The Weekly Dough (My Daughter’s Birthday edition)

My daughter turned 13 this past week, and we’re celebrating with family today. I look at pictures from just five years ago, and it’s amazing how much she’s grown and matured. And it reminds me of a decision I made at that time to leave a high paying, prestigious job for a lower paying and very ordinary job so that I could spend more time with my family.

Please don’t think me a “hero” for making this decision as my wife had as much to do with it as I. It was the hardest yet most satisfying career move I’ve ever made. And because of that decision, I’ve had the honor and pleasure of watching my daughter grow up these past five years, rather than spending that time working 75 hours a week and traveling much of the time. As a great poet once wrote, I took the road less traveled by, and that has made all the difference:

But enough of my ramblings, here are some great articles of the past week that I think you’ll enjoy:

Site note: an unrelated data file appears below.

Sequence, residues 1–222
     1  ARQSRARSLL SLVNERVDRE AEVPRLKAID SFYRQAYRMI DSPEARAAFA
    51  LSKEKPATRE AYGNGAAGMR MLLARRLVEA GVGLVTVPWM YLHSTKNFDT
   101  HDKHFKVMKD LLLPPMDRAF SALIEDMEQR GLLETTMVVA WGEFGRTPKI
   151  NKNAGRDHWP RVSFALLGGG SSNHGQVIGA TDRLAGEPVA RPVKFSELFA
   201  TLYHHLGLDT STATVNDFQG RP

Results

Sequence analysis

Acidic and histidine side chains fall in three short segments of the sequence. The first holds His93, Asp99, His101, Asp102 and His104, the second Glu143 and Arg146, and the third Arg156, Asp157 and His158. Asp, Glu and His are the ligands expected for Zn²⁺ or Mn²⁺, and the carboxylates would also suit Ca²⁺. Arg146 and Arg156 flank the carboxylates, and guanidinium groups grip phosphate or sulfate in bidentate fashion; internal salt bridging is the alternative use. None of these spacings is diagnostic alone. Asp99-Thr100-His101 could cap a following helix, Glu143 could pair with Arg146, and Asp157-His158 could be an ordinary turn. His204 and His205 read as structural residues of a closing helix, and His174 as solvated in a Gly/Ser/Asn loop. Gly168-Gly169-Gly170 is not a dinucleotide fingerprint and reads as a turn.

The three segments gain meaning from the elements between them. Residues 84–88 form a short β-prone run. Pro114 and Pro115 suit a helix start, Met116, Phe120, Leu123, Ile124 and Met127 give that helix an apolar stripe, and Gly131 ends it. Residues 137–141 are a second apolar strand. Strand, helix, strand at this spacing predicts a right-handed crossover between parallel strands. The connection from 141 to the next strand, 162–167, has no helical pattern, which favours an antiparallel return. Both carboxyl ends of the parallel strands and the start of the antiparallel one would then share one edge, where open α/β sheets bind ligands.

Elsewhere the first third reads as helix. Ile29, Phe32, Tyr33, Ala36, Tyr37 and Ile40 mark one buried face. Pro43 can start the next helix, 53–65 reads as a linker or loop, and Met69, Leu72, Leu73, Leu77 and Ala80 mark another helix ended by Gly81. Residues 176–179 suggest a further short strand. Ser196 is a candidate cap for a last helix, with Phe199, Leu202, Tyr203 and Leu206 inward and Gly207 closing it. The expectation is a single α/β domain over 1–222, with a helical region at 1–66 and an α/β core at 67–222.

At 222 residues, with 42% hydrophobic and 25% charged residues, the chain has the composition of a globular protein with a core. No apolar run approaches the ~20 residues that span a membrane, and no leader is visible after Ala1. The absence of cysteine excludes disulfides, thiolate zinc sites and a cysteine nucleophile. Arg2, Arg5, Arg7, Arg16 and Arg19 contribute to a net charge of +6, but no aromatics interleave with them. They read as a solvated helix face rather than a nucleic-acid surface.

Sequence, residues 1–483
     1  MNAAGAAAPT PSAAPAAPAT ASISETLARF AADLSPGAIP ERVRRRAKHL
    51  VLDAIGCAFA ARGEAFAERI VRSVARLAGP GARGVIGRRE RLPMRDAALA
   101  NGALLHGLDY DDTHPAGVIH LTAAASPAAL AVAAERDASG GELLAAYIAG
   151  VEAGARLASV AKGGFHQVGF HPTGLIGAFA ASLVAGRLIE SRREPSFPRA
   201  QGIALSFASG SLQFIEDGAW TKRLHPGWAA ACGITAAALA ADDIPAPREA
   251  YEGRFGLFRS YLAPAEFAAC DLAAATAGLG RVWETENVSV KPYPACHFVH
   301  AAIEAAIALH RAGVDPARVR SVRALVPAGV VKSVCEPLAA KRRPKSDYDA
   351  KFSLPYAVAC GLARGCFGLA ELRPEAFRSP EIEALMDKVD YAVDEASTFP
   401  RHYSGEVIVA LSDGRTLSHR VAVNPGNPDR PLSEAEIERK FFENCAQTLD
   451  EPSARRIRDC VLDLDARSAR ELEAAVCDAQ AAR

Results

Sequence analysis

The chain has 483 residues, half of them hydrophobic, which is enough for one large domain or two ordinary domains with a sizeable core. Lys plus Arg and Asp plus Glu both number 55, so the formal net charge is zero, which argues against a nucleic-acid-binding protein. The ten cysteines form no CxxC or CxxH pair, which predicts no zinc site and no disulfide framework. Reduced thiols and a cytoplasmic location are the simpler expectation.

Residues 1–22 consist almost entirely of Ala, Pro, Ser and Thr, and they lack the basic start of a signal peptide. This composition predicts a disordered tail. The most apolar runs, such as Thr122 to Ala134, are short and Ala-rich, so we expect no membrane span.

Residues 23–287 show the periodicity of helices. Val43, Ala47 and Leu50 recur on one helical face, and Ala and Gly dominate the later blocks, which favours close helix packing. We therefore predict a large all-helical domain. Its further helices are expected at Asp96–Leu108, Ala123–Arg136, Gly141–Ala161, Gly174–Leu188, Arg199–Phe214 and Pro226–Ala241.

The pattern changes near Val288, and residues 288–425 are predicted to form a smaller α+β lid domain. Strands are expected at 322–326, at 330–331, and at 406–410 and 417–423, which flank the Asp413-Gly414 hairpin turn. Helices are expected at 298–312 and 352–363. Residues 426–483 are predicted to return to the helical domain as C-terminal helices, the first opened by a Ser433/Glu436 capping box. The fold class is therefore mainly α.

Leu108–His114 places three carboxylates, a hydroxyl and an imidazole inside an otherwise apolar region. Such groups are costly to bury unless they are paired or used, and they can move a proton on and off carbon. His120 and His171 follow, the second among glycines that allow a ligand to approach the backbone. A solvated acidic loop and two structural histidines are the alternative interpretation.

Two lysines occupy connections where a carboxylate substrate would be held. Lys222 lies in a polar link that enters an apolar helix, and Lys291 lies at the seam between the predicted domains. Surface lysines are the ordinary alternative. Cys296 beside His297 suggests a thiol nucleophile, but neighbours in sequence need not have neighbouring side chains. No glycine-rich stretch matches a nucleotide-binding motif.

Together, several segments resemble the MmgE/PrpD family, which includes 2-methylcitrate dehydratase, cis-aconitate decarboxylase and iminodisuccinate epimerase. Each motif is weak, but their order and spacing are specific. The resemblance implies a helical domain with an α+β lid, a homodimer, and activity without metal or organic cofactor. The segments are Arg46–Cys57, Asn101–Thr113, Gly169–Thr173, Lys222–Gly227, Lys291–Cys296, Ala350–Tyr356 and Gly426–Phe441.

1. 10 Reasons To Avoid Lists (@ The Financial Philosopher)
  2. Mandatory PF Courses in Ohio (@ Grad Money Matters): Go Buckeyes!
  3. It’s Raining Money (@ Single Guy Money): Ebates was knew to me, so I thought I’d pass it along to you.
  4. How To Protect Your Personal Data When Disaster Strikes (@ Gather Little By Little)
  5. The Dough Roller Retro: Don’t Steal From St. Peter

Topics: Personal Finance

3 Responses to “The Weekly Dough (My Daughter’s Birthday edition)”

  1. Happy Birthday to Miss Dough Roller! You and I should start a little support group to help each other over the next few years. My oldest son is turning 13 next month! Teen years…I don’t look forward to it.

    Thanks for the link!

  2. Your story about your daughter and your family is very inspiring. I feel that I’m in the crossroads right now wondering if I should break free from my rigid work routine and stay home to deal with family more. It is very tough as my husband is trying to launch a startup and not making an income. We are all relying on my income to live. If I slow down (which my health and kids situation are indicating that I should do), then we will be coasting mostly on our savings for the next year or two (we’re able to get a little bit of income through consulting projects). That will be a big blow to our next egg. At the same time, I’m hopeful that the startup will take off at that time. For us, it’s all about facing this risk right now and dealing with it head on. I hope to have the same story as you 5 years from now and say how we took the road less traveled…

    Thanks for the mention as well!

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